by Jessie Funchion, MS, RD, LDN
As of now, the research tells us that yes, the consumption of soy foods is associated with health benefits, including but not limited to:
· reduced risk of breast cancer
· risk of recurrence of breast cancer
· decreased LDL, total cholesterol and triglycerides
· reduced blood pressure
· decreased risk of heart disease
According to the United Soybean Board, 81% of consumers view soy as healthy, which means about 19%, or 1 in 5 people view soy as unhealthy or neutral.
What’s in soy?
Soy is a higher-fat legume that contains about 27% carbohydrate, 33% protein and 40% fat. It is a complete protein and is easily digested.
Doesn’t soy contain phytoestrogens?
Soy contains both phytoestrogens and anti-phytoestrogens. What this means, is that soy contains a chemical structure that looks a lot like human estrogen. This fact has led people to fear that the consumption of soy can affect estrogen levels in humans, thus making them at higher risk for estrogen sensitive diseases like breast cancer. We now know that this is not true. These compounds sometimes act like estrogen in the body, but other times they exhibit effects that are opposite to estrogen.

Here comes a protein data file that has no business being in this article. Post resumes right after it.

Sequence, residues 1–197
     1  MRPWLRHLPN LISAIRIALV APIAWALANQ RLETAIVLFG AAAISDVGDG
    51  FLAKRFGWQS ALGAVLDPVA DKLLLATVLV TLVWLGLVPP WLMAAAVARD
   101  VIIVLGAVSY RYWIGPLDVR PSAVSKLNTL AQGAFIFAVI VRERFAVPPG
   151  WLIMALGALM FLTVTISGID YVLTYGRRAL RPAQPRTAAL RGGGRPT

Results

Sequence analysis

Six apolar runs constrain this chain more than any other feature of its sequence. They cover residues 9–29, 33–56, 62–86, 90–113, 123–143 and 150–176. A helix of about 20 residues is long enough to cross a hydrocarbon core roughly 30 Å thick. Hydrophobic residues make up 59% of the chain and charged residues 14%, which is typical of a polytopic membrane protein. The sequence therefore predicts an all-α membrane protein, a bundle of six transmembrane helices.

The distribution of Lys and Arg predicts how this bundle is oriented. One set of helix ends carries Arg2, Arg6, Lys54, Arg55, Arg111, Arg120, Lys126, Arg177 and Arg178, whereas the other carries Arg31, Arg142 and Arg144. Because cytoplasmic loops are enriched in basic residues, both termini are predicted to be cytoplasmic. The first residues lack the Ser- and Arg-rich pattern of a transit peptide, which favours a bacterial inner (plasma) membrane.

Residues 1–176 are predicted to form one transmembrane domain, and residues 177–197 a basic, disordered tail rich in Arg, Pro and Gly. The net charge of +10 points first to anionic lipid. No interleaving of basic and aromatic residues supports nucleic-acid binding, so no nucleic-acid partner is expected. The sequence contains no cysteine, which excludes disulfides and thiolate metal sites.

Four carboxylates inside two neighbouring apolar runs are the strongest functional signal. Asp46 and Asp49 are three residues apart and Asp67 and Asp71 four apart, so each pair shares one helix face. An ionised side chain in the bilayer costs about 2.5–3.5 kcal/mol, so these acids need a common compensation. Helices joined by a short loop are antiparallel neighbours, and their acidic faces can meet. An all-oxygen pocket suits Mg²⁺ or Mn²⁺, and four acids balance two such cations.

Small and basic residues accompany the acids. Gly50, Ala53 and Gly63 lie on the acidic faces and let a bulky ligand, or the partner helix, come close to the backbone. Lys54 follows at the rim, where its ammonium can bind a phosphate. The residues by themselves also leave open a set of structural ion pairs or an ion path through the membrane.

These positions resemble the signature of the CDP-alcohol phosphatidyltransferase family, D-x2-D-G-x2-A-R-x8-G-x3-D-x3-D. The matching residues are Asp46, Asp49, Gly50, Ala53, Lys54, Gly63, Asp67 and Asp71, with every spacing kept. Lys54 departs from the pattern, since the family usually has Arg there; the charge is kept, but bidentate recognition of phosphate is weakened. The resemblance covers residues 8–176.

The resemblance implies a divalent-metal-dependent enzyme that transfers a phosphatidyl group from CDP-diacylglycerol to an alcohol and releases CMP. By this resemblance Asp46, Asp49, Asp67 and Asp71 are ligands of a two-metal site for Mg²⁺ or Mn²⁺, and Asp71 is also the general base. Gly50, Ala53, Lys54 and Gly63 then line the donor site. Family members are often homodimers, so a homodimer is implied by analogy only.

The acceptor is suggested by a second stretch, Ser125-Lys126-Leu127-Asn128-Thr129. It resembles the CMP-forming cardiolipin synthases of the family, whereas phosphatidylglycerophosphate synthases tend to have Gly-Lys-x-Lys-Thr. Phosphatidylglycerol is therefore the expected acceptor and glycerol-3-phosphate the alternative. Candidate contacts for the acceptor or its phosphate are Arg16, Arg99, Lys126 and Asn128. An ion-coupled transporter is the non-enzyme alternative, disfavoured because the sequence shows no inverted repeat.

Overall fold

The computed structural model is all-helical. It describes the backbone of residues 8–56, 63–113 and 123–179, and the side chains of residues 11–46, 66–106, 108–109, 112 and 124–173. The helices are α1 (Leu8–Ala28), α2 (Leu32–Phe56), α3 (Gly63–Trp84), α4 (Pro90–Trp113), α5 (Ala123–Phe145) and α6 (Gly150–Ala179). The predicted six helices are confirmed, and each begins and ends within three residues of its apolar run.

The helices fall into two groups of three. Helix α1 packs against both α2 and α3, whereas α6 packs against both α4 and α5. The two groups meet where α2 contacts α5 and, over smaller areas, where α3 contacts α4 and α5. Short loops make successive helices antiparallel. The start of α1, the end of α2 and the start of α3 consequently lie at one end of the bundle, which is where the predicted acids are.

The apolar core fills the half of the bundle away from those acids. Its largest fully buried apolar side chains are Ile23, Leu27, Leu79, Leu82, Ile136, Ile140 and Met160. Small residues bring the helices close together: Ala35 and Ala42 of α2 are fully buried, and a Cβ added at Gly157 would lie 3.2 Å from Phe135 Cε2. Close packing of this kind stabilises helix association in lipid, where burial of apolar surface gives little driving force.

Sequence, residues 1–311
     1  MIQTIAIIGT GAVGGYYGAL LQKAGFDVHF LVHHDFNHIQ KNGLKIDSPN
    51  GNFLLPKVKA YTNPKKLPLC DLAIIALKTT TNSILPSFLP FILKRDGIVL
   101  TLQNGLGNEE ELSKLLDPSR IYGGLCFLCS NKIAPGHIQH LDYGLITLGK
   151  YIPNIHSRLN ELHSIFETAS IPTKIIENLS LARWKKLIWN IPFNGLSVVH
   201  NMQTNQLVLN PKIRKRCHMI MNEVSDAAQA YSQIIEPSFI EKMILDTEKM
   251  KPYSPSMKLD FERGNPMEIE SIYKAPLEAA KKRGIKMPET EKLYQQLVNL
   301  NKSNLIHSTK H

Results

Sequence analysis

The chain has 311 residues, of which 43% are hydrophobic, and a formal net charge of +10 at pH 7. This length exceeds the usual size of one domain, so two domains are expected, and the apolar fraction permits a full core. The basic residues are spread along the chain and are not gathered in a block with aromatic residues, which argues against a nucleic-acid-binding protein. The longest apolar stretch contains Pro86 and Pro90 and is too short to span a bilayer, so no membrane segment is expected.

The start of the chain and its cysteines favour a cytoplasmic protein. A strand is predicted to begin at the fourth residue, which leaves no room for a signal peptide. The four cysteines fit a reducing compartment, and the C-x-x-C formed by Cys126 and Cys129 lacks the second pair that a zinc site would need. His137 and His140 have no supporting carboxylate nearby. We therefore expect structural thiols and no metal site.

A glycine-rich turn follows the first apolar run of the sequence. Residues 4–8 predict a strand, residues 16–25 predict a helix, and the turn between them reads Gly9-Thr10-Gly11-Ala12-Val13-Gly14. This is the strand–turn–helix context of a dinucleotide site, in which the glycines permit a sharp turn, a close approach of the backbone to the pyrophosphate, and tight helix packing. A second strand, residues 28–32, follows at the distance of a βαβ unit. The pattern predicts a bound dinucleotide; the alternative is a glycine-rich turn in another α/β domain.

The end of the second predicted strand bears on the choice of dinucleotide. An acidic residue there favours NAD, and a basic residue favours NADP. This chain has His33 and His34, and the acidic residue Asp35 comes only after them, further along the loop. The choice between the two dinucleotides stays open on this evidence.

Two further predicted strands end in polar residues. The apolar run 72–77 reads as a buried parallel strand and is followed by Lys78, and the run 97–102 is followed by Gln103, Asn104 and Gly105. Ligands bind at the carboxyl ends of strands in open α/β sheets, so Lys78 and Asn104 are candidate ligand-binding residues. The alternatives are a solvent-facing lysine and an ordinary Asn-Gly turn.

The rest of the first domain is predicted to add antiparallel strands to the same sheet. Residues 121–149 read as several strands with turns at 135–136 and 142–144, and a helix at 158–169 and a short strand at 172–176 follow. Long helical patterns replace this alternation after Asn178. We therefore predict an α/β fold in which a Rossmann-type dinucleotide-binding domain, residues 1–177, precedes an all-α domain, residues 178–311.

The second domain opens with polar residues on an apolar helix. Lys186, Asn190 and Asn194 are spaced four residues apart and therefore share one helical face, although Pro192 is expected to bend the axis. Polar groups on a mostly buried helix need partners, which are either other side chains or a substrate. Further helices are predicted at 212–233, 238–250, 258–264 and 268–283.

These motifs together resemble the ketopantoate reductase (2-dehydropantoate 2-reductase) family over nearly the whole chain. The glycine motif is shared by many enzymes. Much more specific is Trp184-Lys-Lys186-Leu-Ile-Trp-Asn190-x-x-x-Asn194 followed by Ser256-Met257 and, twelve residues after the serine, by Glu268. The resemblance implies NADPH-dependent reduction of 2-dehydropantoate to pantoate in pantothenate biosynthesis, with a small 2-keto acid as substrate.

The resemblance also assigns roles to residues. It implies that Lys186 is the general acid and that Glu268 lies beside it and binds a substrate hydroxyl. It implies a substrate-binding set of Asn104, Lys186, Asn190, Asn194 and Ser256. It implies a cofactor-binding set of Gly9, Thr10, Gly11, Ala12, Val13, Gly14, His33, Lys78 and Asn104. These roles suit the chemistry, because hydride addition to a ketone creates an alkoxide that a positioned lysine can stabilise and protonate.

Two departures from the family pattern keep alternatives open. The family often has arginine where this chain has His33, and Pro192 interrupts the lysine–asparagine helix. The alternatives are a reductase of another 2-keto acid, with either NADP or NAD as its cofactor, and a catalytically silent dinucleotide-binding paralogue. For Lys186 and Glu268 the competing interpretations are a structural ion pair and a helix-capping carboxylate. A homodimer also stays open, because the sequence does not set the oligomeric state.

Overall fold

From the American Institute for Cancer research Website:
Because soy contains estrogen-like compounds, there was fear that soy may raise risk of hormone-related cancers. Evidence shows this is not true.
A good comparison is the sterols in animal vs. plant foods. Cholesterol in animal foods is very chemically similar to phytosterols in plant foods, but as we all know, they exhibit very different effects in the body. Just because a molecule is similar, does not mean it will produce the same results in the body.
How much soy do I need to reap the health benefits?
Dr. Messina, recommends 2-4 servings per day or about 25g or soy protein a day, while the American Institute for Cancer Research recommends a moderate amount of soy per day, which is 1-2 servings. 1 serving = 1 cup soy milk, ½ cup edamame, or 1/3 cup tofu.
How about soy and thyroid health?
Soy can interfere with absorption of thyroid medication (as does calcium, iron, dairy, etc.), so the recommendation is to separate levothyroxine from soy by about 4 hours. Whether soy itself can interfere with thyroid function, or even contribute to hypothyroidism, is a hotly debated topic. Dr. Messina’s research purports that soy is not currently contraindicated in the hypothyroid patient, nor should it impact the thyroid health of healthy individuals. I would love to see any articles for or against soy and thyroid health!
The American Institute for Cancer Research (AICR) website is a good resource to provide you with the latest research.
Practical ways to increase soy in diet:
· Try unsweetened soy milk instead of cow’s milk or almond milk
· Snack on edamame or add a handful to salads
· Try tofu scramble instead of scrambled eggs